My initial programming experiences were with an Apple ][e in the fall of 1985 when I was a sophomore at a small town Kansas High School. (Freshmen weren’t allowed to take programming.) Only 2 classes were offered so I was effectively done after 2 years. I kept programming though because I loved it and I bought an Apple //c before I bought a car.
There was a certain type of program that I liked to write when I was bored. AppleBASIC had a lores graphics mode that was just 40x40 with 16 colors but the ‘pixels’ weren’t square. I liked to make small animations that just shifted blocks of color around in what I considered interesting ways.
At the time I also had a subscription to A+ magazine and they had a column that featured short programs sent in by readers. Sometime when I was a Senior in HS I sent in this program.
10 HOME : GR :C2 = INT ( RND (1) * 15) + 1 20 C1 = INT ( RND (1) * 15) + 1: FOR X = 0 TO 19: COLOR= C1: VLIN 0,39 AT X: COLOR= C2: VLIN 0,39 AT X + 20: NEXT X:C2 = C1: GOTO 20
You can run it on this emulator but you won’t really get a sense of what it actually looked like because modern browsers can emulate 40 year old interpreted computer languages at blazing speed.
Here is the longer ‘unobfuscated’ version.
1 REM >>> SLIDING BOXES 2 REM >>> JAY GRAVES 3 REM >>> 3-28-88 10 HOME : GR 20 C2 = INT ( RND (1) * 15) + 1 30 C1 = INT ( RND (1) * 15) + 1 31 IF C1 = C2 THEN 30 40 FOR X = 0 TO 19 50 COLOR= C1 60 VLIN 0,39 AT X 70 COLOR= C2 80 VLIN 0,39 AT X + 20 90 NEXT X 100 C2 = C1 110 GOTO 30
If you want to get a sense of what it actually looked like on hardware you can add this line
81 FOR J = 0 to 1000:NEXT J when running it in the emulator. Depending on your machine you might have to change the loop count up or down from
After the first initial pass to draw both boxes on the black screen, the box on the left seems to slide towards the right. This is accomplished by ‘erasing’ a line on the left (
X in the loop on line
40 being drawn on line
60 in a new color) and adding to the right side in the previous color (the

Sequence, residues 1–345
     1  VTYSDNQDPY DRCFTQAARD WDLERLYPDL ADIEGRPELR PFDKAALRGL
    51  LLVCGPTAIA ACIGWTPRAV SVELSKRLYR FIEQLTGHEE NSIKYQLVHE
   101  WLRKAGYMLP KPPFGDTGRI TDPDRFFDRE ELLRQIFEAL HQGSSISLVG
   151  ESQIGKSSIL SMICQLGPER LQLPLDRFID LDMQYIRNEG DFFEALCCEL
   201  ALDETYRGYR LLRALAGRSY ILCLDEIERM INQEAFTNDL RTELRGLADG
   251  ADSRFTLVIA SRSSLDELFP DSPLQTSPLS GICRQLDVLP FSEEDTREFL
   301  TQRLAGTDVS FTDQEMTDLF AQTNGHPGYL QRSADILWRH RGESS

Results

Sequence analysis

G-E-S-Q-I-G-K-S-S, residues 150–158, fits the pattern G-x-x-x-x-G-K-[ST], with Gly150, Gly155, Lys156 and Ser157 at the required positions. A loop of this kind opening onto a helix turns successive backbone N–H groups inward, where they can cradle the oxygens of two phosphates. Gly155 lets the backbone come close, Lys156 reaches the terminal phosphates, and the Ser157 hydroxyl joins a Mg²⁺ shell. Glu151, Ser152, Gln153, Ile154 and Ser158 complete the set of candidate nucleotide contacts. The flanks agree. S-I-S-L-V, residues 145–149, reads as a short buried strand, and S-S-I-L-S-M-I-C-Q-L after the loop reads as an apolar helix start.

X + 20 on line
I think what makes this slightly interesting is that I unrolled the loop on lines
90. Of course I did not know until much later what that technique was called.
Also the longer version has a check on line
31 that makes sure the new color choice is different than the previous one. (and the fact that the line number is
31 tells me this a discovered ‘bug’ and I added that line to fix it but did not bother to re-number the program.)
The shorter version does not have this check beause it would have added another line to the program and I considered it a valid trade-off to keep the program compact.
Anyway, I submitted the 2 line version of this to the magazine and promptly forgot about it. Once I started college I swtiched to MS-DOS programming and stopped my subscription to the magazine. A couple of years later I got a stack of accumulated mail that still went to my parent’s address. In it was a $25 check from the magazine indicating they wanted to publish my program. I don’t actually know if it was ever published because they didn’t say what issue it would be in and I didn’t want to resubscribe. I did make a photocopy of the check but I’ve lost that.
I still have my Apple //c and occasionally I set it up to play around. Quite a few years ago I bartered some computer parts to someone who could ‘rip’ all my my Apple disks so they could be run in an emulator. (not the just the basic programs.) Three years ago I put the BASIC code up on github here. Not all of the programs are authored by me but the majority are. And most are pretty boring because they are homework assignments.